The evil in that book! My hatred mounted with every page. Could any sane person believe that animals evolved from lower species in response to some random principle of natural selection? And if so for animals, how then for man? Though Darwin avoided any mention of the human species, it was only too clear what conclusion he wished readers to draw. No! With my dying breath I will deny it! All logic takes my side. For man to have been first created in an infant or savage state is impossible, for if an infant, who nursed, fed, protected him? And if savage, how could he have survived in such a helpless form? The only idea that can reconcile to reason is this: man was created perfect in body and mind and all the great diversity of this planet is due entirely to the first creation and the Flood.

The time to speak out had come. In meetings and in public I defended the true word. I had allies, not only church men but many scientists as well. When cartoons appeared deriding Darwin, I applauded. But every time a writer or scientist fell victim to his deceits and wrote in his favor, I countered with a blast of my pen. Darwin, they said, had evidence, a quantity and quality of specimens to at last support the early evolutionists’ claims. Yes, evidence, and I gave it to him, but the interpretation was maddeningly wrong.

In my fervent struggle against these heresies my health began to pay the price. I proclaimed my beliefs loudly, clearly, but reasonably, as befits a gentleman, and all the while I seethed in torment as Darwin’s ideas were embraced. At last the strain broke forth. At a meeting in Oxford of the British Association for the Advancement of Science, my rage overwhelmed me and I shook my Bible above my head.

“This volume,” I cried, “this volume alone is the source of all truth!”

But Darwin’s repute grew, and at last, near exhaustion, I saw I must not throw away my career in an attempt to overthrow his. I was still chief meteorologist for the Board of Trade and in addition to my many responsibilities I was at work on a new volume I intended to be the most comprehensive weather guide ever written. Into it I poured my lifetime of meteorological knowledge and my studies of forecasting by barometer readings. I awaited the publication with the utmost anticipation and felt great vindication at the book’s success.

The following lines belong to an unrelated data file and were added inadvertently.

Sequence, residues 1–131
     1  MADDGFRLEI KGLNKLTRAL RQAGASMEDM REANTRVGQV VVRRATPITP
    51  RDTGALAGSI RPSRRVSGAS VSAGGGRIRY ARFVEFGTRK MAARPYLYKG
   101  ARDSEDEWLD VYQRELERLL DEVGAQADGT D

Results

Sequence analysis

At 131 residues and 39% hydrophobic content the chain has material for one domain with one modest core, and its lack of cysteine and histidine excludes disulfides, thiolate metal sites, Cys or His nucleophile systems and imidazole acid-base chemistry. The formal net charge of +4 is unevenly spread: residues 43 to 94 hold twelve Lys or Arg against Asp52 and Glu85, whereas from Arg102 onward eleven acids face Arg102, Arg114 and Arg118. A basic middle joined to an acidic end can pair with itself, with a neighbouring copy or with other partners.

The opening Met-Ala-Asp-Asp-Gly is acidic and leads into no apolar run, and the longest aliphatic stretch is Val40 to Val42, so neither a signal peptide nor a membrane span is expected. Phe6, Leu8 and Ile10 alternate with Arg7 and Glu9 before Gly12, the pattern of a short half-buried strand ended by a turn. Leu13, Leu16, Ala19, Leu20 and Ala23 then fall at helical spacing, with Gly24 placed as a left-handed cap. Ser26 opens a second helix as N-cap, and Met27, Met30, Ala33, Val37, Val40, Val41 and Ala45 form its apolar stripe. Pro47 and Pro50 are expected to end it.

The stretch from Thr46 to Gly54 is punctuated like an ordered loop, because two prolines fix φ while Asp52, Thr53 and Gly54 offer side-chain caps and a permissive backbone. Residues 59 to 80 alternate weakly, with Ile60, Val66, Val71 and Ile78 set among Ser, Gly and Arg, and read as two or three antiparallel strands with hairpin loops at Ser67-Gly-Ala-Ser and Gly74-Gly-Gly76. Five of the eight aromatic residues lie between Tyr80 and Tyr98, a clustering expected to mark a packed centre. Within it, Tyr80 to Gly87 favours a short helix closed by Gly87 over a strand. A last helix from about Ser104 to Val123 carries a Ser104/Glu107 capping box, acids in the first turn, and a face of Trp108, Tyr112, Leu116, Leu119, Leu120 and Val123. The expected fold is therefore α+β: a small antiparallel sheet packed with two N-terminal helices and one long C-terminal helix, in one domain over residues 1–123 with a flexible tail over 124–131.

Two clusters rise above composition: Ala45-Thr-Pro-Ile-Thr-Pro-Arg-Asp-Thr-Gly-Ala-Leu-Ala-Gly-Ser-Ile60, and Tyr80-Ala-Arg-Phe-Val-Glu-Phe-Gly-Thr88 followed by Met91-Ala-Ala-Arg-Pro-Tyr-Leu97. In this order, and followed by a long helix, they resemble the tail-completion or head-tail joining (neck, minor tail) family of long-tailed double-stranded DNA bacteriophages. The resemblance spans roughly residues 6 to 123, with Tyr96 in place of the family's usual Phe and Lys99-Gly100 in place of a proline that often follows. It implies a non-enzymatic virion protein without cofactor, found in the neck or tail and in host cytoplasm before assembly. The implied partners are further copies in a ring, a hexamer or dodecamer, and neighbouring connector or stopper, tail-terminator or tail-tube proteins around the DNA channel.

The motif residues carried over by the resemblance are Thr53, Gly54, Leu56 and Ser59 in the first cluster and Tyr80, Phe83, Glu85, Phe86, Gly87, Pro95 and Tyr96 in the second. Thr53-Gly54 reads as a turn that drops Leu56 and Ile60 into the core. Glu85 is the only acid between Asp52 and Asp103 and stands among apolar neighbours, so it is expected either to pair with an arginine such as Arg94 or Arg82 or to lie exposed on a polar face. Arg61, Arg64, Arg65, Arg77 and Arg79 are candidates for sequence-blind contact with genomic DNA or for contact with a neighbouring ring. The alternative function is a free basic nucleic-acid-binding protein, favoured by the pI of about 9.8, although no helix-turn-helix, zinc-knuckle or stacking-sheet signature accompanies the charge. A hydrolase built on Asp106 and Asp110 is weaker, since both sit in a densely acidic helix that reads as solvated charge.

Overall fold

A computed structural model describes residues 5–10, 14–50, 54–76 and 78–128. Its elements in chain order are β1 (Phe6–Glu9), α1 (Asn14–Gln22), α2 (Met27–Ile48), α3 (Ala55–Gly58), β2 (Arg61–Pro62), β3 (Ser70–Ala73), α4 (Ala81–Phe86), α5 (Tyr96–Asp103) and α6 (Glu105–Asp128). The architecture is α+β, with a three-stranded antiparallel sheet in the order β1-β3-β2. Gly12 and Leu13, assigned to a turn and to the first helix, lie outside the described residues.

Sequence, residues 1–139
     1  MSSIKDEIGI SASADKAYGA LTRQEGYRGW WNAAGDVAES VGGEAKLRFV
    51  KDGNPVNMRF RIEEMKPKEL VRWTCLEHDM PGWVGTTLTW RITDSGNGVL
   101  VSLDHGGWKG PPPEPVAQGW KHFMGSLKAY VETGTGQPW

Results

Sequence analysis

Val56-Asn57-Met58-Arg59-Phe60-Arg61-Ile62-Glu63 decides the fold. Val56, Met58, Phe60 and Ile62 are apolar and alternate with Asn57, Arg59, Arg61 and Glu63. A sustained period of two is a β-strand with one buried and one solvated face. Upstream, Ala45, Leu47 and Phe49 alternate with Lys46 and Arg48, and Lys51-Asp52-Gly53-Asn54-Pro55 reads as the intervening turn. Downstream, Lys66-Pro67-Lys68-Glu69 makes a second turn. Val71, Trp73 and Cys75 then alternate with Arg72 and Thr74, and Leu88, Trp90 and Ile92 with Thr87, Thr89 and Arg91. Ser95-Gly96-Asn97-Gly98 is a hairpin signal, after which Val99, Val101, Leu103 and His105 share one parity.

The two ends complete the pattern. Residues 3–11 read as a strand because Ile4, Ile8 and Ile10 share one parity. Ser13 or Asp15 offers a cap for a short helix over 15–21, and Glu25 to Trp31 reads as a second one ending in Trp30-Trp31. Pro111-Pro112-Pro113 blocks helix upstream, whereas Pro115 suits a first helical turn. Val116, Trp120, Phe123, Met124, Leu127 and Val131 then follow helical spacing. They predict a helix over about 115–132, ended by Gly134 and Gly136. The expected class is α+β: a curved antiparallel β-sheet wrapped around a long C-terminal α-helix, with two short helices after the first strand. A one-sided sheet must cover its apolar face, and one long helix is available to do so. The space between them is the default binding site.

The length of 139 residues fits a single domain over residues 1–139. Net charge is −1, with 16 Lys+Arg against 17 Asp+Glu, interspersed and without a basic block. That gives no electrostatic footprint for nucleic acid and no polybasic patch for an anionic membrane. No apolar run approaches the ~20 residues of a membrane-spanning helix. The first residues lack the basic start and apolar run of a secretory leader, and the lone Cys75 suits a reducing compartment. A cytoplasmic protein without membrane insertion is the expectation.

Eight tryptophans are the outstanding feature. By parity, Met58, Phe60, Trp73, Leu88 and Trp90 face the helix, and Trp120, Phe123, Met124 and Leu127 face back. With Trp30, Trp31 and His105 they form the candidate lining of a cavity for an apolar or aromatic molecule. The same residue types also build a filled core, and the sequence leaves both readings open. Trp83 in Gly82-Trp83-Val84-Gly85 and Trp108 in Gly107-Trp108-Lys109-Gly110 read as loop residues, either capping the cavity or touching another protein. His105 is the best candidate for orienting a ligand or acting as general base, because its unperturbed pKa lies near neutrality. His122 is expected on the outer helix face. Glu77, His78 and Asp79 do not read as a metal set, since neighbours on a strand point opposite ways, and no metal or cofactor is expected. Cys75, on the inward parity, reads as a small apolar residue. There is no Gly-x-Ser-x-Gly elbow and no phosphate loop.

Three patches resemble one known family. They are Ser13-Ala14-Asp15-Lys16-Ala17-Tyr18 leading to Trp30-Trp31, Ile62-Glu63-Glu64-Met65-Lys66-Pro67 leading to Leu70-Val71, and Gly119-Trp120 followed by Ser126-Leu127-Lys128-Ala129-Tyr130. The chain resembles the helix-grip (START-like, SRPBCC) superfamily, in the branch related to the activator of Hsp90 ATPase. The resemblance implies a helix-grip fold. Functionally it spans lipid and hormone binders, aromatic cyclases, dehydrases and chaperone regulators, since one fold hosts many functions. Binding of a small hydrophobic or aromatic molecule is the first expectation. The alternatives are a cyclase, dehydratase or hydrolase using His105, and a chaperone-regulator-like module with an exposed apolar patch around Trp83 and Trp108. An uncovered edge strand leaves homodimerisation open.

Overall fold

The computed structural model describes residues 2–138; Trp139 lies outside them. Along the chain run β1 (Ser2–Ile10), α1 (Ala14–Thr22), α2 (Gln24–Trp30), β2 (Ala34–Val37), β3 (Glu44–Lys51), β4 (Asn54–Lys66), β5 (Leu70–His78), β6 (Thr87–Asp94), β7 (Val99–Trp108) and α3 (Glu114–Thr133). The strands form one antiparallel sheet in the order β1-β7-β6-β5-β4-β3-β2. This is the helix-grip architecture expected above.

But no joy is ever permanent, no happiness complete. My Weather Book appeared in 1862, and even amidst that success I suffered personal and professional attacks. Derisory remarks cast doubt on my forecasting system. No matter how hard I worked to prove myself, others found fault. And everywhere I turned, there was Darwin. Like a knife his name leaped out to stab me, overheard in conversations, heralded in scientific journals. To my horror, they believed.

Traitor! Or was I the traitor? The thought smote me one morning as, razor in hand, I prepared for my shave. I stared at my countenance in the mirror, the haggard lines betraying another fitful night. Where was the physiognomy that should have alerted me to my villainy? Where was the flaw in forehead, cheekbones, chin? I alone let Darwin aboard the Beagle and by so doing brought about this havoc and ruin. I cried to think that had I followed my first instinct and rejected him I would have saved God and myself—all for the shape of his nose.

When I looked again in the mirror I saw that in my despair I had cut my throat with the sharp blade. I hardly felt it, and the trail of blood oozed peacefully down my neck. Darwin never denied the existence of a creator, but he would strip God of all power and make of man a hapless being who survived only by chance. No! Whence came this great civilization of ours, this music, this art, this humanity? We are God’s own creatures, fashioned in his image, and to live in a world that denies the truth of his word cannot be borne. Traitor! I raised the razor to my throat. With my dying breath, I swear by the divinity of man!

(Copyright©Arliss Ryan, 1993)